Frustrated, I told her that she should find a better plastic surgeon and walked out.

My voice is deep. Always has been, always will be.

And, to make matters worse, I am not your typical "girly-girl."

I die for the New York Rangers, have maybe two dresses in my closet but three shelves full of hand-me-down sweatshirts from my brother and Adidas pants. I do not own a "blouse" nor do I plan on owning one except maybe for business-casual occasions.

Naturally, when a deep voice is paired with a sports-oriented, athletic short-loving, sarcastic girl who couldn't tell you the difference between a stiletto and an average high-heel, I GUESS things can seem "off." However, regardless of the difference you see/hear, no one has the right to make someone feel bad about themselves.

What I always struggled with the most is how (most, moral, common-sense) people will never tell someone they don't know, who may be overweight, that "they're fat" or that they don't like the shirt that they're wearing. Yet, because my voice is not something physically seen, it has become fair game for strangers and acquaintances alike to judge and make comments about.

I used to break down into hysterics when I heard a comment about my voice, whether I was six years old or seventeen years old.

There are times that I still do because I am so fed up and just completely bamboozled by the fact that at the age of twenty, there are still people who just have a blatant disregard for others' feelings and a lack of understanding of what is okay to say and what is not okay to say.

But, just like I ask those people not to judge me, I suppose I can't judge them on their lack of common sense and respect for others.

I'd be lying if I said that the hundreds of thousands of comments I've heard and received targeted at my voice growing up did not play a role in my life. I used to want to be a sports broadcaster. I no longer want to be heard on the radio or seen on TV; snarky comments about my voice being one of the reasons why (among others, like a change of interest and just overall life experiences).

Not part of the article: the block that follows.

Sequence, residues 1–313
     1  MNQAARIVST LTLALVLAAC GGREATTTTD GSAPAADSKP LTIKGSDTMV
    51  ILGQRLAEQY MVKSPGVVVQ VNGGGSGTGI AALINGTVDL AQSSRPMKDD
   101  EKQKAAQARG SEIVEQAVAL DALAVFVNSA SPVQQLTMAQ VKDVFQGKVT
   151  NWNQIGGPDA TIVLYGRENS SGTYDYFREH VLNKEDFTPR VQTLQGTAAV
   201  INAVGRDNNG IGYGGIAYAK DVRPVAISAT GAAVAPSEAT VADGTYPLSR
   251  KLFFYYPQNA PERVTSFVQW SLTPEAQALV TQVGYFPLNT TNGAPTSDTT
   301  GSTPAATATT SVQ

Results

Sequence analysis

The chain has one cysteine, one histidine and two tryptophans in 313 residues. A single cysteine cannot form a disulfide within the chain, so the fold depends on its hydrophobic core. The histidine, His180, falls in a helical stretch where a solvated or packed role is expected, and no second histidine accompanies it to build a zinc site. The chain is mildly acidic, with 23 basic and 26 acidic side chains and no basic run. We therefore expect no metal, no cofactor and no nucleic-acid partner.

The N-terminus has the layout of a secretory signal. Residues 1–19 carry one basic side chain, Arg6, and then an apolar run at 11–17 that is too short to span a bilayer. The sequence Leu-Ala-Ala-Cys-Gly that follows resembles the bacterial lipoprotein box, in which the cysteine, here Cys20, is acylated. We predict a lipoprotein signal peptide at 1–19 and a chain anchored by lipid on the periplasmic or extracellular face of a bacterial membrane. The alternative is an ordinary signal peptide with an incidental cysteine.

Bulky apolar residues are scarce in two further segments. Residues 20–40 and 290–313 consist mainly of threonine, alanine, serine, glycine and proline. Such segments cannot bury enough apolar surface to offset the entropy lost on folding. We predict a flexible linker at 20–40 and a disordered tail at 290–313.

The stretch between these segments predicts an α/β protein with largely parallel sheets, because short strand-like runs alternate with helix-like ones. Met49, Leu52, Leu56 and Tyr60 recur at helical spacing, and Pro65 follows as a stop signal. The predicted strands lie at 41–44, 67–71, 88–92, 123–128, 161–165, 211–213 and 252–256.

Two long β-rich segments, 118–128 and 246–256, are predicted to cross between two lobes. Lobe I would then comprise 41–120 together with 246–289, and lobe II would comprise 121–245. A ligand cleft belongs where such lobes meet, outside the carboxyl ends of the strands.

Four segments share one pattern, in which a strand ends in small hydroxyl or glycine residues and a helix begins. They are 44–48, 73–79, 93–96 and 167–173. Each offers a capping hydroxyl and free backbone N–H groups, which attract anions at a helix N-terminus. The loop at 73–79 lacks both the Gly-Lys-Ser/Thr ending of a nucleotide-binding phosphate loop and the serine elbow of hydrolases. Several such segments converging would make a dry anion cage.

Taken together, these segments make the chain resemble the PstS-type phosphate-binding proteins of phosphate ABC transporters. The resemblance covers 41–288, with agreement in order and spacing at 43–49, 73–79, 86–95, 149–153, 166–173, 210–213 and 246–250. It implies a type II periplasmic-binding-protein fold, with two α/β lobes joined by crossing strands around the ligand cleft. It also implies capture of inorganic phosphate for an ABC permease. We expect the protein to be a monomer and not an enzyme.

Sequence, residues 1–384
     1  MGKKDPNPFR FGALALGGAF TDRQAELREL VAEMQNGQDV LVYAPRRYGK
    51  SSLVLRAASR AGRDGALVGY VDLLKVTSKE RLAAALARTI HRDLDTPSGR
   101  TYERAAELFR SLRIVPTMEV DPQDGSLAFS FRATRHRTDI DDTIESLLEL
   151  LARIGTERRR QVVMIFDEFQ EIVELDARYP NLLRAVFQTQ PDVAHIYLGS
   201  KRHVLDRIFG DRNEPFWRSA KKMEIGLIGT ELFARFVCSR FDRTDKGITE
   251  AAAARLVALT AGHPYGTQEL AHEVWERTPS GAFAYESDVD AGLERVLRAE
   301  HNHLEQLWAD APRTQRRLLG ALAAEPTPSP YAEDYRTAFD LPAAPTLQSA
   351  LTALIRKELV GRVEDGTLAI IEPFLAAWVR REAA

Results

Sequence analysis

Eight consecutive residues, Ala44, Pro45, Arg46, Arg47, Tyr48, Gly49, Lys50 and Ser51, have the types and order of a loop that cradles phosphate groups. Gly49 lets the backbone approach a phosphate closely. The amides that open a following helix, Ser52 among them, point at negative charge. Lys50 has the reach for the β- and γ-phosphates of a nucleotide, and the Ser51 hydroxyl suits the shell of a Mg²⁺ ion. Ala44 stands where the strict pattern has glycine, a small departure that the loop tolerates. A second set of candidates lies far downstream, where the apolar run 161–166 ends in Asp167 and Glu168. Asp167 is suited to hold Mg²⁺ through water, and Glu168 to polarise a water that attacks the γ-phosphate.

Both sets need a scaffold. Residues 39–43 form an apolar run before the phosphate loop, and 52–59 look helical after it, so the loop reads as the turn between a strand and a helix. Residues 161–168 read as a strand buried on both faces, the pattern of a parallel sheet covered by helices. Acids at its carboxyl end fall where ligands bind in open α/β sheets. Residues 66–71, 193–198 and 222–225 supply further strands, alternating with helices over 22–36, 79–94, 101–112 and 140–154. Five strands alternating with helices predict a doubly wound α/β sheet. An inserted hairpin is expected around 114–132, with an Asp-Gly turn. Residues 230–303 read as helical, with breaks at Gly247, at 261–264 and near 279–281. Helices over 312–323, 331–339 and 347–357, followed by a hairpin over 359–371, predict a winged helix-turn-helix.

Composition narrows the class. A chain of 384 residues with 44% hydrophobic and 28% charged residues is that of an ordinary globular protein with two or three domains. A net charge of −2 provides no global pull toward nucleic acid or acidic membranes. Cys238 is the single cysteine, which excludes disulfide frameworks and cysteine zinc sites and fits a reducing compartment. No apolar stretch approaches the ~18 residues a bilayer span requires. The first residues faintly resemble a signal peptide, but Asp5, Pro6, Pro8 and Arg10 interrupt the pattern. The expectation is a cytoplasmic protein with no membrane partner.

I'd be lying if I said that my struggle with public speaking didn't partially stem from negative feedback about my voice.

I'd be lying if I said that there weren't days I tried to talk as little as possible because I didn't want to be judged and that I am sometimes hesitant to introduce myself to new people because I'm scared my voice will scare them away.

I would also be lying if I said that my voice didn't make me who I am.

I joke constantly about it now, because half the shit that comes out of my mouth mixed with my actions, interests, beliefs, etc., would sound absolutely WHACK if I had a high-pitched "girly" voice.

My voice matches my personality perfectly, and the criticism I have and continue to receive for my "manly" sounding voice has helped shaped me into who I am today. I have learned to love my voice when people have relentlessly tried to make me hate it. I have learned to take the frustration I felt towards my voice and turn it into sympathy for those who have something going on in their life, and therefore feel compelled to make a comment about me, a stranger's voice, to make themselves feel better.

I've learned that to laugh at yourself is to love yourself.

And, I say this not for sympathy. Not for someone to say, "Wait, Syd, I love your voice!"

I say this because I want it to be a reminder for people to watch what they say, and use that noggin before you speak. I say this because I also want to be the voice (haha, get it, 'voice') for those who feel like they've lost theirs.

My voice is deep. Always has been, always will be. And I wouldn't have it any other way.

So no, I would not be a good alto in a choir because I think I'm tone deaf. And, when you call MY phone number, it is very unlikely that it is my brother or dad answering. Just say hello, because 99.9% of the time, if it's ME you're calling, it's ME that's answering.

Dr. Suess said, "A person's a person no matter how small."